Alexander then recorded the 2nd out, and though Speaker moved up to 2nd base on the play, ‘Old Pete’ seemed ready to again maneuver his way out of an inning.
However, Lewis ripped a game-tying RBI single to left, scoring Speaker to make it a 1-1 ball game.
The Phillies came to bat in the bottom of the 8th having registered just three hits off Shore. But with one out, Shore made the mistake of walking the light-hitting Stock.
When Bancroft followed with an infield single, the Phillies were threatening. Clearly struggling, Shore then walked Paskert to load the bases.
Cravath then did what the best hitters on a team do, he got the key run home. It was only with a ground out to shortstop, but it was enough to bring home Stock with the go-ahead run.
Now up 2-1, Luderus came to the plate with runners at 2nd and 3rd. He grounded back towards Shore, and the ball apparently changed directions off the edge of the dirt cutout which existed at the time between the pitcher’s mound and home plate.
As Fullerton recounted the play, the ball “rolled straight toward him, struck the side of the scalped spot, and rolled past his feet for a base hit that yielded the third (run).”
With the Phillies now leading by 3-1, Alexander took the mound for the top of the 9th and struck out the leadoff hitter.
Pinch-hitter Olaf Henriksen then reached on an error, and the Red Sox brought the tying run to the plate.
At that point, Carrigan decided to give his biggest threat a shot as a pinch-hitter. and sent to the plate the young George Herman Ruth.
It would prove to be the Babe’s only appearance on this, his first-ever World Series, and it would not prove memorable.
The future ‘Sultan of Swat’ grounded out meekly to 1st base. Alexander then retired Hooper on an easy pop out to 1st to end it.
The Phillies had won the first-ever World Series game in franchise history, holding a 1-0 lead in the best-of-seven series against the Red Sox.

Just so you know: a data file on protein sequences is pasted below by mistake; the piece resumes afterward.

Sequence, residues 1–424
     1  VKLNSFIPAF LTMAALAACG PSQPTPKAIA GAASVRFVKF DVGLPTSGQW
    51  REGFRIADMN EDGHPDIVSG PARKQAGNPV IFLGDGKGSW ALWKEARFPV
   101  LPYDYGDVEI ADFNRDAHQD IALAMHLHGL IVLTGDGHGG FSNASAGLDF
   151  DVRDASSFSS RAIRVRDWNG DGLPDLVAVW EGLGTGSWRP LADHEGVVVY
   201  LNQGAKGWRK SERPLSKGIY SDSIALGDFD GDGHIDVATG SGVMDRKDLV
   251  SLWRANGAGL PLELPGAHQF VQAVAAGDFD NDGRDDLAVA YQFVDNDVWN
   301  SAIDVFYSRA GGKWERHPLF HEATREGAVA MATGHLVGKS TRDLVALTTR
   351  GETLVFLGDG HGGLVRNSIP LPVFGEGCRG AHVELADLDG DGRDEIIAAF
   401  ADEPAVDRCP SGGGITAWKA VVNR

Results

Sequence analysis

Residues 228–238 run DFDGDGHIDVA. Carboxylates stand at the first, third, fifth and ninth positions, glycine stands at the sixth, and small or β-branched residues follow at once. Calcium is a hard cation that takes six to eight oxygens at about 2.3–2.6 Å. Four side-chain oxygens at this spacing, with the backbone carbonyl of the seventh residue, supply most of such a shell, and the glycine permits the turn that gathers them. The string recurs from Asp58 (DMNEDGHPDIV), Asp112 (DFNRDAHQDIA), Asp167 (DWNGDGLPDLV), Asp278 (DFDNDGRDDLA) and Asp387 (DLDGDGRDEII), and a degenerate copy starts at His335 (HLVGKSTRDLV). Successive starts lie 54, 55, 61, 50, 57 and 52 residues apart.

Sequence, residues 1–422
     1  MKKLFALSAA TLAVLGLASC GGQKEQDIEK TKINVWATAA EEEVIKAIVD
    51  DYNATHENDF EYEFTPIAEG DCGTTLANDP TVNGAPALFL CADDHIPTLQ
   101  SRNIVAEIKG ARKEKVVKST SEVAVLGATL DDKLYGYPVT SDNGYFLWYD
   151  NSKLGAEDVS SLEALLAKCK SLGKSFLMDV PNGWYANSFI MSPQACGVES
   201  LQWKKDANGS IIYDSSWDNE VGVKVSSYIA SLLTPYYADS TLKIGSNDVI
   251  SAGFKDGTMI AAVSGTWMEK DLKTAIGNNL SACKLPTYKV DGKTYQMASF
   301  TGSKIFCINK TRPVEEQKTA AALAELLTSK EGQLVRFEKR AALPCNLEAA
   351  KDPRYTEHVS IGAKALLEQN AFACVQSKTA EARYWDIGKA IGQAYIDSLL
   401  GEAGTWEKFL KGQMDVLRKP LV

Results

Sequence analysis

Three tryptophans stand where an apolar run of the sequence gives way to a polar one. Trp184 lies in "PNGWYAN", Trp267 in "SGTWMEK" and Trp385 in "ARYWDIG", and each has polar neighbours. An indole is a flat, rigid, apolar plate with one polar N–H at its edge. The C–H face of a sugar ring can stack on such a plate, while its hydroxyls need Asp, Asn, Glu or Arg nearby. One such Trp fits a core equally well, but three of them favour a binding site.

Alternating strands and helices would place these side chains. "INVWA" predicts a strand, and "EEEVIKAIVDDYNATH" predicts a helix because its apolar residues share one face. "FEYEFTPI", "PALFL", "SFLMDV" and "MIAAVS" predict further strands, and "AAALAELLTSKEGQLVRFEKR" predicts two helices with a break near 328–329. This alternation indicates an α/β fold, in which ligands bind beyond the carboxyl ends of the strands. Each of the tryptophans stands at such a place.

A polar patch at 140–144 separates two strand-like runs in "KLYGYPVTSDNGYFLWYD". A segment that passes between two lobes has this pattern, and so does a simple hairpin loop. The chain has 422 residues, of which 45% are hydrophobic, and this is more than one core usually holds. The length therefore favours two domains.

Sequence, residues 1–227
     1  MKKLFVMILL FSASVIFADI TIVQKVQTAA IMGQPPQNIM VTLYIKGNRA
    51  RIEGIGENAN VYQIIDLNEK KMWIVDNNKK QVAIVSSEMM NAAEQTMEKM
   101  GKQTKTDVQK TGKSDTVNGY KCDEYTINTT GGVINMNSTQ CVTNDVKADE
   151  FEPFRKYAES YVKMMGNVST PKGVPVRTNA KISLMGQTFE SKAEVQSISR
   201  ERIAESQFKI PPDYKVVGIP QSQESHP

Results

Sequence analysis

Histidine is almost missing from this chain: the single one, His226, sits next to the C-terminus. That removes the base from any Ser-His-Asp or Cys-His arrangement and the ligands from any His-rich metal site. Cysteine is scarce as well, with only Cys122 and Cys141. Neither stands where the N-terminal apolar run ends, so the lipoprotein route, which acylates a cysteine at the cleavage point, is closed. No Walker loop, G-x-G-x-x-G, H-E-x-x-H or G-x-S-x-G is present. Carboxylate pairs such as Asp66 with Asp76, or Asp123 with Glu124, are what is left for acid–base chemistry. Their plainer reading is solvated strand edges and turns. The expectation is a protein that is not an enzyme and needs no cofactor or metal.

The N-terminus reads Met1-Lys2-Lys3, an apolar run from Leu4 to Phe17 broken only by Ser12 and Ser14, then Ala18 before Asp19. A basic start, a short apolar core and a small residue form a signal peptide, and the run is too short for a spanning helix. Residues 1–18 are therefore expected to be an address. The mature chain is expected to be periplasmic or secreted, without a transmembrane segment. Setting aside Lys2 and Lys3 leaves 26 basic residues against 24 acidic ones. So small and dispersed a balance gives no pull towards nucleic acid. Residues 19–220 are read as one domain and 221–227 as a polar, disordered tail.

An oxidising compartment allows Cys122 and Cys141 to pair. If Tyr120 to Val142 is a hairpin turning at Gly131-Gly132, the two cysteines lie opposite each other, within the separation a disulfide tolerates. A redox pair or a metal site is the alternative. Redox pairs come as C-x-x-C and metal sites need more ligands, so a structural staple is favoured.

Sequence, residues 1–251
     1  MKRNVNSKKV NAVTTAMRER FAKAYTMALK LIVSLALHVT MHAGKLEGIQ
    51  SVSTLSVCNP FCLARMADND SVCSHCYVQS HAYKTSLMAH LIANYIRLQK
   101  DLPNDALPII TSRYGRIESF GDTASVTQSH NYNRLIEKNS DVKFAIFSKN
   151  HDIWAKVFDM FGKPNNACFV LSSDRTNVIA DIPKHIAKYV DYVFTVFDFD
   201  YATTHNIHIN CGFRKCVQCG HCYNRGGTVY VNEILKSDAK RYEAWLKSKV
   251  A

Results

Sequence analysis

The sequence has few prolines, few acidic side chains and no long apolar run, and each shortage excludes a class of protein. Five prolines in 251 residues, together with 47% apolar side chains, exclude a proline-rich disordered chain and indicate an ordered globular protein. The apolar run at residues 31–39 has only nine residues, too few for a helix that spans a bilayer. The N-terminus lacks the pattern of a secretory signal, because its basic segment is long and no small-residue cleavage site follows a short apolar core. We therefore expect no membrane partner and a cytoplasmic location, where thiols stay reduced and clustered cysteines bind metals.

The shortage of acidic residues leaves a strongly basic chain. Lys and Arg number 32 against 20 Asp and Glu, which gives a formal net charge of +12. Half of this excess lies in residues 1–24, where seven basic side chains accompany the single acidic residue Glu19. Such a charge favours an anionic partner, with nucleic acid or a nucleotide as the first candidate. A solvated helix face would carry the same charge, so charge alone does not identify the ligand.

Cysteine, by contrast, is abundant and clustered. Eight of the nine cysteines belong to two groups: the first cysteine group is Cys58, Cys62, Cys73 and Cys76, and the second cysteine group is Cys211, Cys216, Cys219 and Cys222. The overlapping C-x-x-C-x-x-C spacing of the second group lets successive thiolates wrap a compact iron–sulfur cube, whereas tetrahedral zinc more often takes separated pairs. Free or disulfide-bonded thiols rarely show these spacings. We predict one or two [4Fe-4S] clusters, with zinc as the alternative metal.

Their ace Alexander got the win, and the fans at Baker Bowl filed out happily awaiting the next day’s Game Two.
Unfortunately for the Phils and their fans, that would be the last Phillies win of the series.
The next day, the Red Sox would score a run in the top of the 9th to steal a 2-1 victory in Game Two and tie the series.
Back in Boston, they scored in the bottom of the 9th to win Game Three by an identical 2-1 score and to take a 2-1 series lead.
In Game Four in Boston, the Red Sox held off a late Phillies rally to again win by the very same score of 2-1, opening up a 3-1 series lead.
The series returned to Baker Bowl for Game 5, and the Phils finally solved the Boston pitching, taking a 4-2 lead into the 8th.
But the Red Sox rallied, scoring twice in that 8th to tie, and a run in the 9th that would clinch the World Series victory.
The Phillies won Game 1 of the World Series, 2-1 behind the legendary Grover Cleveland Alexander.
It thus becomes our Phillies Fall Classic I in this 14-part series. But it would take another 65 years before the franchise would win another World Series game, and thus provide us with Phillies Fall Classic II.